Can we assign probabilities based only on a known number of possibilities? I have two concrete questions below that get at what I'm asking--please answer those if you answer. (I think they are two versions of the same question, but I may be wrong about that.)
I find a six-sided die on the ground. I have no information about the die other than the following:
- It is possible for the die to land on any of the six sides when rolled. (I know this because I have set the die on each side without it rolling over. I have not made any observations about it's shape or balance that would tell me whether or not it is fair.)
- It is practically impossible for the die to land on none of the six sides when rolled. (How do I know? Let's say I rolled it 10,000 times. I never observed which side it landed on, but I did observe that it always landed on a side.)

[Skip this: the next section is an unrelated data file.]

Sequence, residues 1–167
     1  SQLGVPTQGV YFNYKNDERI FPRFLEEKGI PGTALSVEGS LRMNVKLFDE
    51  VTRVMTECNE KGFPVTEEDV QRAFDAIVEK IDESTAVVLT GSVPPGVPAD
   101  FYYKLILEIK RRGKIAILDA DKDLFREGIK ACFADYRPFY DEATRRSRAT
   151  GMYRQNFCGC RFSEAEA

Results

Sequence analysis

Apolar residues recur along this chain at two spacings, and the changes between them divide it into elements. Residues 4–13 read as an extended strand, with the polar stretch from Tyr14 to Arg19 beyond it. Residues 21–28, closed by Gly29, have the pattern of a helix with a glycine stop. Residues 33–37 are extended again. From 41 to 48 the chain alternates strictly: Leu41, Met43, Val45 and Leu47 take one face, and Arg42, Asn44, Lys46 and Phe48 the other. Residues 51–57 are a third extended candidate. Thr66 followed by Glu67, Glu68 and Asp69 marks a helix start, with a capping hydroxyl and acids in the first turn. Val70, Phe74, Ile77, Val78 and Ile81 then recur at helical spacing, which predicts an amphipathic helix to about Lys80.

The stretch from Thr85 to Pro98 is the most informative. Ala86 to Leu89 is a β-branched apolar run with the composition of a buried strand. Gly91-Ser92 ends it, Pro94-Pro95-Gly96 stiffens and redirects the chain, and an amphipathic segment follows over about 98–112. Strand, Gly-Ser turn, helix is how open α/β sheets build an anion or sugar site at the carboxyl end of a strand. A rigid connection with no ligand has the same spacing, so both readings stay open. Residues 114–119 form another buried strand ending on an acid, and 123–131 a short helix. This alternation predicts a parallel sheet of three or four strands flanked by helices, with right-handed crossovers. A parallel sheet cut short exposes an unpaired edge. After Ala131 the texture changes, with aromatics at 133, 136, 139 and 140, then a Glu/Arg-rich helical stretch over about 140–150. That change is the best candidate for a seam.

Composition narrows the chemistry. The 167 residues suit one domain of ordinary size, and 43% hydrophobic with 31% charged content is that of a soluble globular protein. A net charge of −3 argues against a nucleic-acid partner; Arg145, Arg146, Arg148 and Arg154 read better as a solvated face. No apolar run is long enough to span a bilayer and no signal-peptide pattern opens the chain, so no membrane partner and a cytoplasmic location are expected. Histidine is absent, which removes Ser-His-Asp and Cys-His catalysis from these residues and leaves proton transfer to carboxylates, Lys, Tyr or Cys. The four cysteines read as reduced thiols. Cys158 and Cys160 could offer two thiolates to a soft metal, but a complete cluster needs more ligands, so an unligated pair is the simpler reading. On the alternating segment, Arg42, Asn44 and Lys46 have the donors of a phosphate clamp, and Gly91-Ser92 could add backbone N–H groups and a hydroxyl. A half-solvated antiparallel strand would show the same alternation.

Having no other information, should I assume that the probability of landing on any given side is 1/6? It seems like we should, but I'm not sure how this stuff works.
Edit: Let's assume that I've never seen or heard of dice before, so I don't have cultural information telling me that dice are usually fair.
A frog is sitting in front of me on a lily pad at the park. I know from an interpretive sign at the park that this species of frog is capable of croaking. However, having a poor biology education and having never encountered a frog before, I have no information at all about how frequently they croak or what circumstances invoke or prevent croaking. So, for a given period of time, we have two possibilities: at least one croak or no croaks.
Having no other information, should I assume that the probability of the frog croaking at least once during the given time period is 1/2? This seems less intuitive to me than the die example above, but it also seems right.